The Museum of Fabulousness
From the Stone Age river-side village to Roman Londinium to Victoria’s smoke-choked London, the museum uncovers the city’s layers as archaeological digs have done–
I could spend all day here, among the chattering school groups, the tourists, the pensioners, and the fanatics. (Friday’s example of such was a gent who took up a position at the tobacconist’s shop in the “Victorian Street”, and any unsuspecting passer-by who paused to look at the display of match-boxes was delivered a lecture on the same, complete with proud fetching of examples of Swan Vestas and enameled boxes from his inner pocket, competing with the lesser models locked away behind the museum’s glass. I rather expected his counterpart over at the Roman exhibit to pull a bit of bone or worn sandal from HIS coat pocket, but there the gent just pressed his nose to the sarcophagus.
One unsolved mystery, in the “grocer” diorama in that Victorian Street, a peculiar mechanism overhead that went unlabeled and unexplained, and since I had time constraints, I could not pursue it. Anyone know what it is?
And I’m no great fan of city life, but I will admit, the Barbican flats that rise up behind the Museum of London are immensely appealing. Look at the hanging-gardens effect of all those balconies:I had to pull myself away so my British publishers could take me to lunch and discuss the oddities of British publishing and bookselling while tucking into nice Sardinian food served by suitably swarthy and handsome young people. (I, noting the Italian-esque offerings on the menu but overlooking the name of the restaurant–Sardo Cucina–innocently inquired if they had any Italian beer. The young man, one eyebrow eloquently arched, replied, “No.” And after a pause brief enough to preserve manners but long enough to indicate a point was being made, he continued, “We have Sardinian beer.” I assured the young man that Sardinian beer was much to be preferred, and indeed, it was very nice.)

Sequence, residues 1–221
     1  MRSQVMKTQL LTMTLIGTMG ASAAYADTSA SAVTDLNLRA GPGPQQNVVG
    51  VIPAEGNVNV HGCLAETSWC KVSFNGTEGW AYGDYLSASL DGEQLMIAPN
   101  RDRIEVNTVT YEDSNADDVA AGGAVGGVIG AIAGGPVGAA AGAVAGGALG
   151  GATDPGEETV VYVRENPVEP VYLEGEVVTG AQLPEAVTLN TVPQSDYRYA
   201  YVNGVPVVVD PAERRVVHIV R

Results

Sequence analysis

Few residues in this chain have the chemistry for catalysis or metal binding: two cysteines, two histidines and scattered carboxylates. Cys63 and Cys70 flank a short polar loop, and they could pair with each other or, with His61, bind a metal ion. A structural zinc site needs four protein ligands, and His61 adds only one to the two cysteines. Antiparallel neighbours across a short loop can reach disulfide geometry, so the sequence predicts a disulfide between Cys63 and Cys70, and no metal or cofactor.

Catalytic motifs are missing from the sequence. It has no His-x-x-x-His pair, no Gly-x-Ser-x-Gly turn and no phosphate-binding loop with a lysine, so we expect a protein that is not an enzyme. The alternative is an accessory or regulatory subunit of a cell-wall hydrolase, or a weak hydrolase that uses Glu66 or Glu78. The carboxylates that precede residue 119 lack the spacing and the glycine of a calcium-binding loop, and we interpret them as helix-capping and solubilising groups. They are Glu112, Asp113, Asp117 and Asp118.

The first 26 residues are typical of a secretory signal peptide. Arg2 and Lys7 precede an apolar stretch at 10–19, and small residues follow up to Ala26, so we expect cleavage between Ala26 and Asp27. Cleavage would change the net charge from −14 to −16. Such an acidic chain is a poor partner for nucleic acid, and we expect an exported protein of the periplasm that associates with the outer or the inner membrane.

Following lunch, an attempt was made to visit an antiquarian bookseller I like, but since my publishers had well-meaningly summoned a mini-cab, and since mini-cab drivers do NOT have “The Knowledge” of real cab drivers (a course of brute memorization that takes at least two years to absorb) this one’s attempt at finding the place based on an inadequately entered Sat Nav (ie, GPS) location brought me to Baker Street instead of Mayfair, I briskly exited and made for the nearest Tube stop.